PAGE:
I have written previously about the need for a different form of electoral system, made acute in the context of Mays General Election where Sussex elected 14 Conservative MPs, one Green and one Labour MP, yet a proportional result would have seen 8 Conservative, 1 Green, 3 Labour, 2 Lib Dem and 2 UKIP MPs elected. There is no such thing as a perfect electoral system and I believe we need to provide easier access to all of our Parliaments and Councils for Independent candidates, so I would not choose a purely proportional system. My own preference would be for a hybrid system similar to that which Andy Winter and Jean Calder argue for in a recent posting of the Brighton Politics Blogger. Because of my wish for a proper debate and for a full range of electoral systems to be considered, I was pleased to join 500,000 people who signed the petition which the electoral reform society raised to call for electoral reform. The ERS presented the petition to Downing Street the week after the election and it was indicative of the closed attitude that exists in our Government which pretends to be democratically accountable to you and I that the response which emerged this week is a negative one. Perhaps if together we were all donors to the Tory Party we would have received a more positive response? However putting aside the disappointment that this response was dismissive of our concerns, what is deeply disturbing is that the response displayed a politically illiterate understanding of democratic processes. The response from the Parliamentary Secretary at the Cabinet Office was “Thank you for your letter and accompanying petition…I appreciate your point, but the difficulty would be that we had a referendum on [changing the electoral system to Proportional Representation] in 2011… it would be pretty difficult to argue that we should go ahead anyway!” It is inconceivable for this letter to have been written without the knowledge and approval of Matthew Hancock who is the MP for West Suffolk and Cabinet Minister. Mr Hancock and probably the Civil Servant who wrote the letter are graduates from Oxbridge. In Mr Hancocks case his degree was in Philosophy, Politics and Economics so there really is no excuse for this gaffe.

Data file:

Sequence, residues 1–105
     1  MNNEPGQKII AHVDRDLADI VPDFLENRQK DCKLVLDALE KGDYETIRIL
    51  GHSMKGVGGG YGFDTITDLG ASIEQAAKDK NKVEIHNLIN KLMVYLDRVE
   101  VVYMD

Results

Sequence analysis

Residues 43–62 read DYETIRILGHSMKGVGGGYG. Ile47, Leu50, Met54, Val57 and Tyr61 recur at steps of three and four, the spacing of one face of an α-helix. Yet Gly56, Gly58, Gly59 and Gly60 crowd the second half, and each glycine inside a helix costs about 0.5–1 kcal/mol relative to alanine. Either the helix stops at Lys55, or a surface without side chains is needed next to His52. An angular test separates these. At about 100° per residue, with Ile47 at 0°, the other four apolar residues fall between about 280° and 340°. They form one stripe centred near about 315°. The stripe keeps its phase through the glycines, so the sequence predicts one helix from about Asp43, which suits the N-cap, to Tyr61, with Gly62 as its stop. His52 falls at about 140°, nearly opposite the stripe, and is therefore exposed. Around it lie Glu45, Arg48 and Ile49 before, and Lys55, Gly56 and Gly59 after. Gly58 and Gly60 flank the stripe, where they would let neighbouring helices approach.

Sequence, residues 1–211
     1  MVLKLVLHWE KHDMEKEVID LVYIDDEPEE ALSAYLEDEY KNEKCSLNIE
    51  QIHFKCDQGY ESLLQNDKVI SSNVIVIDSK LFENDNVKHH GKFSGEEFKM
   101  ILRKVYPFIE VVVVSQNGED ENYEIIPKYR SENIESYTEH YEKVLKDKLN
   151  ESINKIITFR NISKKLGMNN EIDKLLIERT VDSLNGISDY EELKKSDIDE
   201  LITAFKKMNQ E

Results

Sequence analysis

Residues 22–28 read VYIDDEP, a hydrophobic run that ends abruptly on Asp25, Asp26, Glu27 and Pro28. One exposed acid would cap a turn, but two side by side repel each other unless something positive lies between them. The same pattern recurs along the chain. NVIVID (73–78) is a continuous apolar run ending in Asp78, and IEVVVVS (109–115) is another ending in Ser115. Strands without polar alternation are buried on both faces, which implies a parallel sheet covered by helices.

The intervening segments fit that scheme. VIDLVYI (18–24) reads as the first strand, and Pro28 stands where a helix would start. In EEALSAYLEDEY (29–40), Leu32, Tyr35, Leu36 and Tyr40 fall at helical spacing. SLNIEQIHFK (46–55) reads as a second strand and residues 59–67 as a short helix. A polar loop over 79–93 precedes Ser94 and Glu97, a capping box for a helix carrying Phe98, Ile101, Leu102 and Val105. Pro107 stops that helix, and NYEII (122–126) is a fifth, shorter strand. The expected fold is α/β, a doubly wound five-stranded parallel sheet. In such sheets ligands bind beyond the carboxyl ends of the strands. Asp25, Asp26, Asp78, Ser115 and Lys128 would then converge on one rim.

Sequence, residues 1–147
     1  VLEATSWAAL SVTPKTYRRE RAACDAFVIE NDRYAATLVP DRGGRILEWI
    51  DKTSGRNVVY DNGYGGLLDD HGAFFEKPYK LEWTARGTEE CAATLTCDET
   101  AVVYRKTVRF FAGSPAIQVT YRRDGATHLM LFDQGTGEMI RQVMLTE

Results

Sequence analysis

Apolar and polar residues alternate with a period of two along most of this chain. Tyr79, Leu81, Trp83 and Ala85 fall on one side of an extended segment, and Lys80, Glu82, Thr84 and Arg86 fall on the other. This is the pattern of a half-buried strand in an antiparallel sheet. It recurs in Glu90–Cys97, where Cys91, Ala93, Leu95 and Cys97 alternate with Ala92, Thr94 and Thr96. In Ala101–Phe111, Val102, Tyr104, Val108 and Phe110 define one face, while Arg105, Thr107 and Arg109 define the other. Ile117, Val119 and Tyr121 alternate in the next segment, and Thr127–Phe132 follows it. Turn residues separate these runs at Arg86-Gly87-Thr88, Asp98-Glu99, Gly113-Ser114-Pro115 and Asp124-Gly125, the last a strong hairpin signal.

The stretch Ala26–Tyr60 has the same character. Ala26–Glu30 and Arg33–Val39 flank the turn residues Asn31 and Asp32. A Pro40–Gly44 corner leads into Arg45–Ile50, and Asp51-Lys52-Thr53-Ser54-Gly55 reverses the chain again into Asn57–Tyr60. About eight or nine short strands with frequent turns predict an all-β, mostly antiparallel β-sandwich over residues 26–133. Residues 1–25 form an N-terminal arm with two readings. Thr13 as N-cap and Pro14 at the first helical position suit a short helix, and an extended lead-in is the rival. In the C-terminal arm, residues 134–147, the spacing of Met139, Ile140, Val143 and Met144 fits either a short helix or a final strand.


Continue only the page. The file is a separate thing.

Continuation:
As I have written previously, the Alternative Vote system which the coalition offered us as an alternative to the First Past the Post system in 2011 was a deeply unattractive alternative, although I voted in favour, believing that change depends on taking the first step. To dismiss calls for electoral reform, simply on the basis of a no vote in 2011 is a very flawed and weak argument. However perhaps most importantly, despite the words in the letter above and its approval by Minister Hancock the Alternative Vote is not actually a proportional electoral system, and some people would argue it presents a less proportional response than First Past the Post does. If there is this level of illiteracy in the Cabinet Office, what hope is there for the rest of this Government?